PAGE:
Lowe's negotiating naming rights with speedway

Published: Jul. 31, 2009 at 1:24 PM EDT|Updated: Aug. 31, 2009 at 1:15 PM EDT
Email This Link
Share on Pinterest
Share on LinkedIn

CONCORD, NC (WBTV) - Lowe's Home Improvement may not renew a naming-rights deal that would keep the company's name associated with Lowe's Motor Speedway, according to the Sports Business Journal.

If the company and the speedway are unable to reach an agreement, it would end Lowe's 11-year relationship with the Cabarrus County race track and could result in a $3 million loss.  Lowe's was the first company to have naming rights at the speedway.

Marcus Smith, president and general manager of Lowe's Motor Speedway, says talks are ongoing about the naming rights.

"Both companies have benefited as strategic partners for 11 years and we are finishing a one-year extension," Smith said. "Currently, we're still working on and discussing the components of another extension to continue our relationship. Those components have not been finalized, but the process is moving along and we are confident to have this completed in the near future."

A spokesperson for Lowe's Home Improvement told WBTV the company is continuing its discussion with speedway officials concerning the naming rights.  The spokesperson would not comment further.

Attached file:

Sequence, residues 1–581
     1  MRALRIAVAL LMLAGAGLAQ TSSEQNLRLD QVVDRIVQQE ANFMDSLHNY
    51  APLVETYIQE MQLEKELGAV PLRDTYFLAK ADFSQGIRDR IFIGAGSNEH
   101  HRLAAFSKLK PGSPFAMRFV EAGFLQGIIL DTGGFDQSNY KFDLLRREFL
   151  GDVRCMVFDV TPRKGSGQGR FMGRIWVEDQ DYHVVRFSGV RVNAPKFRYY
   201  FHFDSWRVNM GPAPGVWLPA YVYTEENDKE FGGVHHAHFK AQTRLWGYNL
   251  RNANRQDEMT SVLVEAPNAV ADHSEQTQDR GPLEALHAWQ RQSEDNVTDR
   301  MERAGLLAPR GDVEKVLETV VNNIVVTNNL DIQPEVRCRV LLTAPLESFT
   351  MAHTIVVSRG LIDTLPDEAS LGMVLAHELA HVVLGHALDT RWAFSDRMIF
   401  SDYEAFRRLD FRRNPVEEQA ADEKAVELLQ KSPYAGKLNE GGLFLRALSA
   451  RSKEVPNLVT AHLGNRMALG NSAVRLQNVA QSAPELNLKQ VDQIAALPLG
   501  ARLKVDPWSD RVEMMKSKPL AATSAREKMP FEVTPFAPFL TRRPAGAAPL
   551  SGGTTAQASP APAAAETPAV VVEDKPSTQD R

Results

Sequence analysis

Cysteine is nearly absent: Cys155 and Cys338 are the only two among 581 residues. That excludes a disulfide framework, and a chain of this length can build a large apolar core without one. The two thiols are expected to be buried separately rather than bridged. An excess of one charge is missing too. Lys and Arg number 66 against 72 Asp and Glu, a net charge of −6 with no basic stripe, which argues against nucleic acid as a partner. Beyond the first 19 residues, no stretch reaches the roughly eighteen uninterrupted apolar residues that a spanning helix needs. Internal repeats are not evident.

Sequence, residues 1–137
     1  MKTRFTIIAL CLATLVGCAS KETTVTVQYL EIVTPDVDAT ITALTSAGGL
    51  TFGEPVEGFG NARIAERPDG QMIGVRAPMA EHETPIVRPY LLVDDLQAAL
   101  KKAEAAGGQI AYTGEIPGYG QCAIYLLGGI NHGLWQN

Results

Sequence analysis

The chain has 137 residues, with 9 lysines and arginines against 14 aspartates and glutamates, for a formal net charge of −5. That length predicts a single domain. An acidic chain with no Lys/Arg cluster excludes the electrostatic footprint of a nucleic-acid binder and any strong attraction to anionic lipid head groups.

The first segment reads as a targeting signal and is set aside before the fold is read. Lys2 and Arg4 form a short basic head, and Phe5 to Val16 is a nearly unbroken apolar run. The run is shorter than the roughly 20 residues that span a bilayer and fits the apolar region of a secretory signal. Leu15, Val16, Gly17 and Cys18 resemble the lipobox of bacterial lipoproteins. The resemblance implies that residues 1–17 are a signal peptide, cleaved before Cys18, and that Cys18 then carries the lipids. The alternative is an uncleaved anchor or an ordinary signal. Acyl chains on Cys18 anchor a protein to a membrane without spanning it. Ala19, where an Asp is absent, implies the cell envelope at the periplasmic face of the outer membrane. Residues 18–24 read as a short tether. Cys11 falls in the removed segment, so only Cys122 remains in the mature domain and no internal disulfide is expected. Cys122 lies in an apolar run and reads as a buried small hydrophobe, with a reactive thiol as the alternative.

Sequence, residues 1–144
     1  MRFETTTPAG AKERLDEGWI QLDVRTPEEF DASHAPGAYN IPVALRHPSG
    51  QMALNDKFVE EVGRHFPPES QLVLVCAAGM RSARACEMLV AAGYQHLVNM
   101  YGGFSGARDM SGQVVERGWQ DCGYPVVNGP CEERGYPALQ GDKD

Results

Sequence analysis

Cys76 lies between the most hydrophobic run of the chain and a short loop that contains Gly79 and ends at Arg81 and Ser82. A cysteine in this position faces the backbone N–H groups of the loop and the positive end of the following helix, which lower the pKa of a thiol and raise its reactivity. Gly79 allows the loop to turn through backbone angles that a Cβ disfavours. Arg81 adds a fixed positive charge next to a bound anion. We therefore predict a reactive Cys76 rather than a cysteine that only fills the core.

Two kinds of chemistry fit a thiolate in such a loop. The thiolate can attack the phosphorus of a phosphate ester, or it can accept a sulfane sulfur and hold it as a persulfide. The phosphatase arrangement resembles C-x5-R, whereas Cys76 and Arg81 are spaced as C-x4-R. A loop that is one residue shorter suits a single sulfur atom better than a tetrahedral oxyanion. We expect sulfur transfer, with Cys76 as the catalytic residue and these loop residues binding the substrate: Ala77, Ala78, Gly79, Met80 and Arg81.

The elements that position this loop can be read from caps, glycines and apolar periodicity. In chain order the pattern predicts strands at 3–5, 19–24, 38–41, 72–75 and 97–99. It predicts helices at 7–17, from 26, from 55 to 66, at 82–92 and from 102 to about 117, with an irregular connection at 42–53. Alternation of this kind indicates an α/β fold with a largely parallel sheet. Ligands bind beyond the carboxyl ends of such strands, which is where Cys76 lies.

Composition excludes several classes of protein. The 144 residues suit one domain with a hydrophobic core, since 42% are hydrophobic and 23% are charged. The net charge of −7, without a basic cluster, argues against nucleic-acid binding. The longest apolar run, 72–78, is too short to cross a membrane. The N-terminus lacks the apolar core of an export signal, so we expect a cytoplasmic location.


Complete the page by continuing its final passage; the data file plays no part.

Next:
Lowe's paid $35 million for naming rights at the race track for the initial 10-year deal which ended last year, the Sports Business Journal said in a report.

Last year, the speedway agreed to a one-year extension with Lowe's when they could not find another sponsor, according to the magazine.

If an agreement cannot be reached with Lowe's or if another company doesn't partner with the track, the name will likely revert back to Charlotte Motor Speedway in 2010.

Currently, there are three race tracks with naming rights which run NASCAR races -- Lowe's Motor Speedway in Concord, Infineon Racetrack in Sonoma, and Auto Club Speedway in Fontana.

Other high profile sports venues in the Charlotte area also carry corporate names.

Bank of America signed a 20 year agreement worth a reported $7 million a year to put its name on the Carolina Panthers football stadium in 2004.  Time Warner Cable Arena is the home of the Charlotte Bobcats, and after going through a number of names over the years, the old Charlotte Coliseum became Bojangles Coliseum in 2009 as part of a 10 year naming rights agreement.